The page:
A brilliant and bitingly funny collection of stories united around a single, crumbling apartment building in Ukraine that heralds the arrival of a major new talent. A bureaucratic glitch omits an entire building, along with its residents, from municipal records. So begins Reva's ingeniously intertwined narratives, nine stories which span the chaotic years leading up to and immediately following the fall of the Soviet Union. But even as the benighted denizens of 1933 Ivansk Street weather the official neglect of the increasingly powerless authorities, they devise ingenious ways to survive. In 'Bone Music', an agoraphobic recluse survives by selling contraband LPs, mapping the vinyl grooves of illegal Western records into stolen x-ray film. A delusional secret service agent in 'Letter of Apology' becomes convinced he's being covertly recruited to guard Lenin's tomb, just as his parents, not seen since he was a small child, supposedly were. Weaving the narratives together is the unforgettable, chameleon-like Zaya: a cleft-lipped orphan in 'Little Rabbit', a beauty-pageant crasher in 'Miss USSR', a sadist-for-hire to the Eastern bloc's newly minted oligarchs in 'Homecoming'. Good Citizens Need Not Fear tacks from moments of intense paranoia to surprising tenderness and back again, exploring what it is to be an individual amidst the roiling forces of history. Inspired by her and her family's own experiences in Ukraine, Reva brings the black absurdism of early Shteyngart and the sly interconnectedness of Anthony Marra's Tsar of Love and Techno to a collection that is as clever as it is heartfelt.
In this dazzling collection, Nam Le takes us across the globe as he enters the hearts and minds of characters from all over the world. Whether it's the story of fourteen-year-old Juan, a hit man in Colombia; an ageing painter in New York mourning the death of his much-younger lover; or a young refugee fleeing Vietnam, crammed in the ship's hold with two hundred others, the result is unexpectedly moving and powerful. This is an extraordinary work of fiction that takes us to the heart of what it means to be human.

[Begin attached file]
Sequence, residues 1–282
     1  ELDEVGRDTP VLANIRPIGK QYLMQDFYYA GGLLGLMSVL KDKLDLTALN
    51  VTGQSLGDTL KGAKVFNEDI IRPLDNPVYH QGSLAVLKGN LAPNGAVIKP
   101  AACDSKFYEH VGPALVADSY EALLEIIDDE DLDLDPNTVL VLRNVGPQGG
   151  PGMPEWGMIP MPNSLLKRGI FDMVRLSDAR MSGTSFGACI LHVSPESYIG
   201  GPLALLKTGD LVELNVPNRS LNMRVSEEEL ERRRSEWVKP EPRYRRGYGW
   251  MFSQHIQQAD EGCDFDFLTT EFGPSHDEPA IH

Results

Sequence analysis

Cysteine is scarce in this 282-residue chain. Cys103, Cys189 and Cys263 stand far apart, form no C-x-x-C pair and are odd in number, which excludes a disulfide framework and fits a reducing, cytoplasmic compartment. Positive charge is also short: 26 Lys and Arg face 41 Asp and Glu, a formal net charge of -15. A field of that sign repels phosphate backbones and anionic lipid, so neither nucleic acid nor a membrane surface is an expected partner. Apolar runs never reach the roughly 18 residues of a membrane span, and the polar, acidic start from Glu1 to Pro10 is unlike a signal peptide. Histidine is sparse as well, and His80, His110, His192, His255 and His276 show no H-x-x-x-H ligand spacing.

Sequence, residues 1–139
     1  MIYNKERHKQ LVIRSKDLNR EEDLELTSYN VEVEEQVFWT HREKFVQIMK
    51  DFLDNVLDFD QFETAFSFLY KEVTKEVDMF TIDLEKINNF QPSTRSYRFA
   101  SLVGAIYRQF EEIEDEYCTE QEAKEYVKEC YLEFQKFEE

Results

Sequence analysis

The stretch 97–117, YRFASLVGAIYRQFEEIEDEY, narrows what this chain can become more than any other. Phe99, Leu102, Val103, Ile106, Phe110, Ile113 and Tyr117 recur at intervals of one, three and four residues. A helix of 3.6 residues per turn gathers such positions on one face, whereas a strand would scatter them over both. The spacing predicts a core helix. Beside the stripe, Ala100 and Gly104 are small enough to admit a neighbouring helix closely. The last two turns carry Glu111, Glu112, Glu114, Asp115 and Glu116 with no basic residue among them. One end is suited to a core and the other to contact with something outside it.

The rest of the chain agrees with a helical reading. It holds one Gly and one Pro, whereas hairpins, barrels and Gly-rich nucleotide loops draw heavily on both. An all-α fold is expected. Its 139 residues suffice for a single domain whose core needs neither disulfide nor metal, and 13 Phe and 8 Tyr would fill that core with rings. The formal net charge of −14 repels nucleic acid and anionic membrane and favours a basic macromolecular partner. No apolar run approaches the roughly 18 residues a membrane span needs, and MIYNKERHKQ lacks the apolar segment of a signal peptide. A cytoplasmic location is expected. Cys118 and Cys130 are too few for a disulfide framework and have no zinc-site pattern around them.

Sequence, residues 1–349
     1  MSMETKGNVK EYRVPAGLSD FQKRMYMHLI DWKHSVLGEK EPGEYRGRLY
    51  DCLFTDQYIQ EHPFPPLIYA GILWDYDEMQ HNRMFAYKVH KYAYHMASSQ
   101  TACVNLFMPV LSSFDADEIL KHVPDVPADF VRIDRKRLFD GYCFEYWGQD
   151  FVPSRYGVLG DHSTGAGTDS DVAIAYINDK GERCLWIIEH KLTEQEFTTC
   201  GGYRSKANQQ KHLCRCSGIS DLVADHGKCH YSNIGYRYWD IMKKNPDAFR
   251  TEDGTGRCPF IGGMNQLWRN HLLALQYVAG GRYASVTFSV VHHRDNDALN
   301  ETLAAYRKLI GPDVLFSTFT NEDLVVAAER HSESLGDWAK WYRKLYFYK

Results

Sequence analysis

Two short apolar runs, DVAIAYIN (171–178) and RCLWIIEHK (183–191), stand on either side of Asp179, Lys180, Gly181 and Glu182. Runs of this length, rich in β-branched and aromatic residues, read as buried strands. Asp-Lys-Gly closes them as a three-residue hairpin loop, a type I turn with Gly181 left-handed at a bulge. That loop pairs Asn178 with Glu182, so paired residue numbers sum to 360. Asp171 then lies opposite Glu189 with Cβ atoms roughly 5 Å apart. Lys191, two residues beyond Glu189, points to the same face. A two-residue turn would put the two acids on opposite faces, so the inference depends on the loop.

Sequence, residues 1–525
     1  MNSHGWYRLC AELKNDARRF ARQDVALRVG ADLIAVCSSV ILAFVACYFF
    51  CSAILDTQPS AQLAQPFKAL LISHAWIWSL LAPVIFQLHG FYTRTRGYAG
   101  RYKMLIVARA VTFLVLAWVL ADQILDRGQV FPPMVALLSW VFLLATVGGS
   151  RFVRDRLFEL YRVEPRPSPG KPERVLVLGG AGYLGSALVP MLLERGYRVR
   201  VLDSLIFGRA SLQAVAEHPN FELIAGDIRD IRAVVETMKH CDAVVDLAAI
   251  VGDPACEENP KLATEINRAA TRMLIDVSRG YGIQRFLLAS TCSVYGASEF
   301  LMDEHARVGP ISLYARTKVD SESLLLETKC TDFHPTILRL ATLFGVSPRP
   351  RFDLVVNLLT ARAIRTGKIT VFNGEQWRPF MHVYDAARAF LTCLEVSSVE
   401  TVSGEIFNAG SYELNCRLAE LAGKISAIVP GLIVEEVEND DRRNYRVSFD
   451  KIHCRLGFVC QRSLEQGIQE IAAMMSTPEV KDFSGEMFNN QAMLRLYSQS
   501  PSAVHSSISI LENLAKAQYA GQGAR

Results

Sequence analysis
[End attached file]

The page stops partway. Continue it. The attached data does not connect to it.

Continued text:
These humorous and poignant tales of lovers, loneliness, and never-quite-belonging, delivered in her characteristically knowing, wry voice, confirm Lorrie Moore as a master of the short story form. Self-Help, Like Life, Birds of America and Bark, her four acclaimed collections, are all here, and for good measure so too are a handful of stories excerpted from the novels Anagrams, Who Will Run the Frog Hospital? and The Gate at the Stairs. But at the author's request, the order of play is gloriously random: 'I didn't want this Everyman's volume to be one that simply glued all the books together in the obvious sequential order,' she writes. 'I wanted instead to let the magical alphabet set individual stories side by side in an otherwise unexpected and unchronological way so that friction or frost might occur: they could jostle and rap and spark or repel .... It might all be like a playlist set to shuffle ...' So, a joyous new discovery for first-time readers and for Moore fans, a multitude of new angles from which to view her incomparable ouevre.
'Rich. . . eclectic. . . a feast' Telegraph Jhumpa Lahiri's landmark collection brings together forty writers that reflect over a hundred years of Italy's vibrant and diverse short story tradition, including well known authors such as Italo Calvino, Elsa Morante and Luigi Pirandello, alongside many captivating rediscoveries. Poets, journalists, visual artists, musicians, editors, critics, teachers, scientists, politicians, translators: the writers that inhabit these pages represent a dynamic cross section of Italian society. 'An enticing collection . . . the tales are by turns startling, moving, intriguing and provocative' The Times Literary Supplement